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Old 09-12-2010, 10:30 PM   #1
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LP Gas facts.......

Just completed our 3200 mile shakedown cruise in our 1970 A/S 27' International.
Learned two things about our LP tanks, I have two bottles both about 7.5Gal
I ran the refrigerator for two solid weeks one one tank alone, pretty respectable, that was on the coldest setting as we were in So Cal the bulk of the trip. While filling the tanks in Shasta, Ca. I asked the LP man how to tell how full your tanks were, he told me to pour some hot water over the tank from top to bottom, it will freeze where the gas level is. I didn't get to do this yet. Has anybody ever heard of this before???
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Old 09-12-2010, 11:07 PM   #2
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I don't think it'll freeze unless the ambient temperature is already pretty low, but this is basically the principle behind the stick-on propane tank level indicators. A temperature-sensitive strip runs vertically up the tank... you pour hot water on it, and after a moment the part of it that is below the level of the LP inside the tank cools and changes color, while the part that's above the level in the tank stays warm.
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Old 09-12-2010, 11:07 PM   #3
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Yep, the water won't freeze, but the tank will be noticeably cooler below the liquid propane level.

Bill

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Originally Posted by howco View Post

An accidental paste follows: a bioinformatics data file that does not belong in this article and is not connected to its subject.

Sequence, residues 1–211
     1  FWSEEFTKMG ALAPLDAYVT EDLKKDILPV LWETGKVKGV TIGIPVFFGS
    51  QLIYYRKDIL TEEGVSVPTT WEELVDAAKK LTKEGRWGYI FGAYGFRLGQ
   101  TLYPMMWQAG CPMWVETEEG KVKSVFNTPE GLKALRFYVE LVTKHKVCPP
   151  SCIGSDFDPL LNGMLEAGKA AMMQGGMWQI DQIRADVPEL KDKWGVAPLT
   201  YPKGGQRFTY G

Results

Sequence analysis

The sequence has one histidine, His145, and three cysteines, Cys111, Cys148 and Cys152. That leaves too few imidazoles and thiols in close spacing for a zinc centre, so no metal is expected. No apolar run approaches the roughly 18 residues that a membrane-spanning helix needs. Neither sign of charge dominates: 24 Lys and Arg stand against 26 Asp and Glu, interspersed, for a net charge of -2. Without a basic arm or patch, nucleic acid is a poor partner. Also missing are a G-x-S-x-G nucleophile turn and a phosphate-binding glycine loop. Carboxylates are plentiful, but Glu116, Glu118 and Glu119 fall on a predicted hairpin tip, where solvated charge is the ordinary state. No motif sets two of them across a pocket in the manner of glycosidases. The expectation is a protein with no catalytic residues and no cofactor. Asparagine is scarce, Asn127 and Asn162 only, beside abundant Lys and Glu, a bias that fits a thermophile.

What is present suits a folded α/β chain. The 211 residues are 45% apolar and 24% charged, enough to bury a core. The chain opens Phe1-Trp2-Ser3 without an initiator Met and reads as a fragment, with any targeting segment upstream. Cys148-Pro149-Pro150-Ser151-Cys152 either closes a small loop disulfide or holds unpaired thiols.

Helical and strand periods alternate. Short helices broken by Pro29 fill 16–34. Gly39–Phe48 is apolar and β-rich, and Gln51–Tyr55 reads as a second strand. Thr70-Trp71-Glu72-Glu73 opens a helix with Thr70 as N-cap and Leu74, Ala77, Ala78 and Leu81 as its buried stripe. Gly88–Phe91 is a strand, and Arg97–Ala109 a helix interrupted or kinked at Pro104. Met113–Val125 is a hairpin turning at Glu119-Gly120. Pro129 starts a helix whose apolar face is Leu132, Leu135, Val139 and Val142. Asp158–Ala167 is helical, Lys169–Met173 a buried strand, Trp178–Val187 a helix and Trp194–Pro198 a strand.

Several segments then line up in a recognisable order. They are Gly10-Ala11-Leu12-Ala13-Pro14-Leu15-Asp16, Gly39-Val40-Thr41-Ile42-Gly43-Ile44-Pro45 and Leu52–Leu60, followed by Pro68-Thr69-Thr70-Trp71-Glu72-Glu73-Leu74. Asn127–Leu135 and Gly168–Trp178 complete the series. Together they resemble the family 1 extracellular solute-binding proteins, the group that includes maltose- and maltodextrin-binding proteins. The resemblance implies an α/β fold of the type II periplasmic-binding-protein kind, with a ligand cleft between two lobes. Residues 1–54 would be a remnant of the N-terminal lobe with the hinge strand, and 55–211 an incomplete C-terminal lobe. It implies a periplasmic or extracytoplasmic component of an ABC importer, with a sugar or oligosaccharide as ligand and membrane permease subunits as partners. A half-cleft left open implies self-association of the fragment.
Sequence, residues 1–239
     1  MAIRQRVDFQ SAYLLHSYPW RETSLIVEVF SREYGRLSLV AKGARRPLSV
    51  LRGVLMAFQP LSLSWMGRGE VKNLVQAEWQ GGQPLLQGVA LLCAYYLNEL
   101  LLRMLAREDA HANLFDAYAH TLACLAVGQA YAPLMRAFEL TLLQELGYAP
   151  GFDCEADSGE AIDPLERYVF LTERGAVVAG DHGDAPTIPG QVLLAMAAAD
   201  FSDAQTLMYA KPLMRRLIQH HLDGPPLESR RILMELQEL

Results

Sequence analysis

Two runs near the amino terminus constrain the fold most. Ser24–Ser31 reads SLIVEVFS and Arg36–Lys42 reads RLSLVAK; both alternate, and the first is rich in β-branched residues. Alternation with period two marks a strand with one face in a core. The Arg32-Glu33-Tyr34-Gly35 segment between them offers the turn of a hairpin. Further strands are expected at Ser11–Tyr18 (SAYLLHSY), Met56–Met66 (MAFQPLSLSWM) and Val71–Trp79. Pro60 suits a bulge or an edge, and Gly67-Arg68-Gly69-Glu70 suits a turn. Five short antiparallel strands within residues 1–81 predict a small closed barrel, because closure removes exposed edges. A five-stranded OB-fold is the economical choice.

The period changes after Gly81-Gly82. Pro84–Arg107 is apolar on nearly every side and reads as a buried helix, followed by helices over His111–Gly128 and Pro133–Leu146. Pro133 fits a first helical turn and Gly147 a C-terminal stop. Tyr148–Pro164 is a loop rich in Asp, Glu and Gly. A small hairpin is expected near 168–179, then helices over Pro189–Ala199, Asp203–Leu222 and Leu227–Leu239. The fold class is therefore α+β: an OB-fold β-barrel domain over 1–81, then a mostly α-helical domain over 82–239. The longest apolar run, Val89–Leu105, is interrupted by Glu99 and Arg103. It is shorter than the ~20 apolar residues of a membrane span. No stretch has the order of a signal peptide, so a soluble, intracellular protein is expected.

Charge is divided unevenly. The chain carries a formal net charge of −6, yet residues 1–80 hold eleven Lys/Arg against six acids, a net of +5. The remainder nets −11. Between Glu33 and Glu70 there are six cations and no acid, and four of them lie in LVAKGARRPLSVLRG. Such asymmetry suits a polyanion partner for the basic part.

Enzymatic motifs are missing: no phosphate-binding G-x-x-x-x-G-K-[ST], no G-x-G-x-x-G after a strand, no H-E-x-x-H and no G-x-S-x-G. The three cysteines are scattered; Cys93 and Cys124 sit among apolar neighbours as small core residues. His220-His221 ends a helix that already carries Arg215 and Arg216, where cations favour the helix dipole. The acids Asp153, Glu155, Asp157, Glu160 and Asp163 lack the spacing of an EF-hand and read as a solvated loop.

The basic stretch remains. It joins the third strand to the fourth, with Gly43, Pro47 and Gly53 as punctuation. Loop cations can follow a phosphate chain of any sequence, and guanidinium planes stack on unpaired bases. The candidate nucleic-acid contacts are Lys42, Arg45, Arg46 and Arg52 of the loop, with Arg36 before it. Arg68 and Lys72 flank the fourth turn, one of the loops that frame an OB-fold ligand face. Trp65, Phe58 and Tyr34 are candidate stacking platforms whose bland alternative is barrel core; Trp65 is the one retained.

Just completed our 3200 mile shakedown cruise in our 1970 A/S 27' International.
Learned two things about our LP tanks, I have two bottles both about 7.5Gal
I ran the refrigerator for two solid weeks one one tank alone, pretty respectable, that was on the coldest setting as we were in So Cal the bulk of the trip. While filling the tanks in Shasta, Ca. I asked the LP man how to tell how full your tanks were, he told me to pour some hot water over the tank from top to bottom, it will freeze where the gas level is. I didn't get to do this yet. Has anybody ever heard of this before???
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Old 09-13-2010, 05:30 AM   #4
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lp gas tank

just like yesterday....in my mind,,,i prevision the thank that is about to be empty, and like yesterday when cooking and the burner goes out...then you know the tank is empty
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Old 09-14-2010, 12:59 PM   #5
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Thanks King
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Old 09-14-2010, 02:47 PM   #6
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There are a couple of variables here, but, yes, water can freeze on the exterior surface of tanks if the ambient pressure inside the tank is just right, allowing the propane to boil readily.

But this method is strictly for the novice. It is not permissible for licensed fillers to use anything like this method. The National Fire Protection Association (NFPA 58, Liquefied Petroleum Gas Code) recognizes two methods (filling by volume, filling by weight), though some states may prefer one over the other. (NM requires filling by weight if possible.)

For the novice, you can determine empty and full by math applied to markings on your cylinder:

WC XXX -- This is the water capacity in pounds for your cylinder. Multiply it by .42 to reveal the pounds of propane that your cylinder can contain when full.